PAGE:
Another important car market with small presence of Fiat-Chrysler. I am able to share with you a deep analysis of Russian car passenger market for 2012. This is an important market that unfortunately is not the place for good news for Fiat-Chrysler. Russia will soon become Europe’s largest car market and an important production hub for local and export consumption. Last year more than 2,9 million cars were sold in that country (LCV included), which means that it is just 150.000 units behind Germany. Passenger car market counts for 94% and it was up 11% and overcoming pre-crisis levels by 15.000 units. In this good scenario, Fiat-Chrysler is doing extremely bad with a very low market share and a very turbulent future. This analysis will concentrate in Passenger car market and will try to figure out what could be the best path for Fiat-Chrysler in the years to come.
It is the world’s 6th largest car market (with or without LCV) and the third among BRICS economies. The good thing is that it is expected to grow even more in the next years as Russian population is very big and car industry hasn’t reached its maturity yet. In 2012 foreign and local car makers sold 2.759.006 cars, up 11%. The performance is better than China’s, Brazil’s, India’s, and of course any European market. It is just below USA’s excellent 2012 and far from the great results in the Middle East. Last year’s result means that Russian car market has already recovered from 2008 crisis and overcame the top figures by 15.000 units. The result is even better if it is considered the fact that last year the government didn’t make use of special loans for the industry, and it stopped the substitution incentives in 2011. In other words, last year’s result are completely natural and reflects the good momentum of Russian industry. 43% of car sales are financed through loans.
Contrary to what anyone would think, Russian car market is not absolutely controlled by local auto makers. Actually Russian and former USSR car makers own less share compared to what happens with local brands in Italy, Germany and France. Lada, UAZ, ZAZ, Bogdan and TagAZ sold 21,3% of total PC sold in 2012. Their presence continues to fall as they become part of foreign auto groups and therefore its new partners gain market share. GM is the second largest car group in the country, but is closely followed by Hyundai, and VW. Lately, Renault, thanks to its marriage with Lada, is becoming very popular. But Russia is also the promised land of Chinese brands, which can easily sell their cars without the controls/barriers they have in Europe. Their cars fill very good with average Russian buyer as they are cheap, somehow big, and with a family focus. The arrival of better and cheap foreign brands (locally made) is having a big impact on local brands (Lada), as consumers realize they can have more modern cars for the same price.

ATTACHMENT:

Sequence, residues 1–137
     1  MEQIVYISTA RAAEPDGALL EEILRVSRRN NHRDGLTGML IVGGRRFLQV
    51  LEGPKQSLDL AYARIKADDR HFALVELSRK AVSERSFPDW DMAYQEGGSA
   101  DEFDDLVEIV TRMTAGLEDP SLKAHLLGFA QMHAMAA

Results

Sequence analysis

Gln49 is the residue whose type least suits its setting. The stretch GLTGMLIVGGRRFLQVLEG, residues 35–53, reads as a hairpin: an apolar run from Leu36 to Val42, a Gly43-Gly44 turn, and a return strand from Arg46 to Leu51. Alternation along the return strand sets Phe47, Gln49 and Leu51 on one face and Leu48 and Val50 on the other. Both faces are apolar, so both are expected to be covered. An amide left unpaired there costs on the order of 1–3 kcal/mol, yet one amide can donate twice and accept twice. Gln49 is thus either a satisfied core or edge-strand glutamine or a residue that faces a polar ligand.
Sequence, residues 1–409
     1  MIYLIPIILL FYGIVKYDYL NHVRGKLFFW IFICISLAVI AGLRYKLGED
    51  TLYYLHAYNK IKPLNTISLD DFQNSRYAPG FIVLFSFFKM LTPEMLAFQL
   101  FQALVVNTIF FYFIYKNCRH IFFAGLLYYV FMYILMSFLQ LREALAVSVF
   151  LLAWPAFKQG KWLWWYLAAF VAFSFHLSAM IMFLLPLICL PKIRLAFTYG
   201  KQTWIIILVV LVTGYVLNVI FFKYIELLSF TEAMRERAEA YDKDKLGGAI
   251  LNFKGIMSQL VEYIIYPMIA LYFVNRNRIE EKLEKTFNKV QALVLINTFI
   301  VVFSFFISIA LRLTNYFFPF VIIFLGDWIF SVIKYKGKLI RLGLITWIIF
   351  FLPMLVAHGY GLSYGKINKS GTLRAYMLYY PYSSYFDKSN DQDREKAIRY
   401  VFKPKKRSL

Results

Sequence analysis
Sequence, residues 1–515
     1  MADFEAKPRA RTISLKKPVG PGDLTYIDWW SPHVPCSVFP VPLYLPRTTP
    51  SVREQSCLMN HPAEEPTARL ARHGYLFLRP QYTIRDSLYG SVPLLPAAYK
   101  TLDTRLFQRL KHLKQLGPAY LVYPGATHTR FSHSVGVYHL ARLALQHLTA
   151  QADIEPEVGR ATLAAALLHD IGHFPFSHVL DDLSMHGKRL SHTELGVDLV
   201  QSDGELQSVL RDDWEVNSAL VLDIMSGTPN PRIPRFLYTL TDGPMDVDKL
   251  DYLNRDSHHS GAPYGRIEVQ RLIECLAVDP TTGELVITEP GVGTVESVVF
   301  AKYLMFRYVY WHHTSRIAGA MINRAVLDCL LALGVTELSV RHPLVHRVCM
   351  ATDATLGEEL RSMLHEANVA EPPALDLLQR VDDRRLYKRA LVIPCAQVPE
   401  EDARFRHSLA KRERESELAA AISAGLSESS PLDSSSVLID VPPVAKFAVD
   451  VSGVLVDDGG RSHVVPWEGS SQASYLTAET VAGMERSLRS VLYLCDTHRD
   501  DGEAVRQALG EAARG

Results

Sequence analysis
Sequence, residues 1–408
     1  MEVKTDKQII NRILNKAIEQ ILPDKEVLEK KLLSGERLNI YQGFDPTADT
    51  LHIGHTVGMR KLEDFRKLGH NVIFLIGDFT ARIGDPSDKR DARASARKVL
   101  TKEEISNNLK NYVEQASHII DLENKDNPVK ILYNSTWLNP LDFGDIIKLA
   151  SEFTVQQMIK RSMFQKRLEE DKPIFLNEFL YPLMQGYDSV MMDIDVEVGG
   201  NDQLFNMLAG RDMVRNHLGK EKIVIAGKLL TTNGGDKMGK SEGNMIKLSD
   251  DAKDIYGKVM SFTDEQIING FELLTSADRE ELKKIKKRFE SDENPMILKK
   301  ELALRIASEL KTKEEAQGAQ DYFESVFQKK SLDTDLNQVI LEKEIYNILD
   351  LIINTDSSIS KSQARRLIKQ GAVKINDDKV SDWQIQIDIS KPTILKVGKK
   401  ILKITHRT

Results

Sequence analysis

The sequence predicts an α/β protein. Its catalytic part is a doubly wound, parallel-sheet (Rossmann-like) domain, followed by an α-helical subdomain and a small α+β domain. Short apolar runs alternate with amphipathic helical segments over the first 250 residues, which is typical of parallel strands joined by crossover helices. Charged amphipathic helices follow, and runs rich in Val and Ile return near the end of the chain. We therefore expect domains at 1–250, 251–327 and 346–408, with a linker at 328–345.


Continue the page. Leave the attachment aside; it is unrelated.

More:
As it is partially influenced by Lada and its B-Segment cheap sedans, most Russians are used to buy this kind of cars. That’s why B-Segment counts for 36% of total market, with more than 1 million units. Nevertheless, the importance of these cars is decreasing as some buyers continue to move into SUV segment, which is now the country’s second largest. In fact, Russia is now world’s third largest market for this kind of vehicles (after USA and China). In Europe, it is among the largest in terms of share (30,5% against 30,9% in Iceland). There are several reasons that explain this boom. First of all, Russian roads and climate force many to have a resistant big car. Second, exchange rates and oil prices favour the price of cars and income of some part of the population. In the other hand, A-Segment cars are extremely unpopular, and so MPVs which count only for 2,3% when the average in Europe is 9% circa.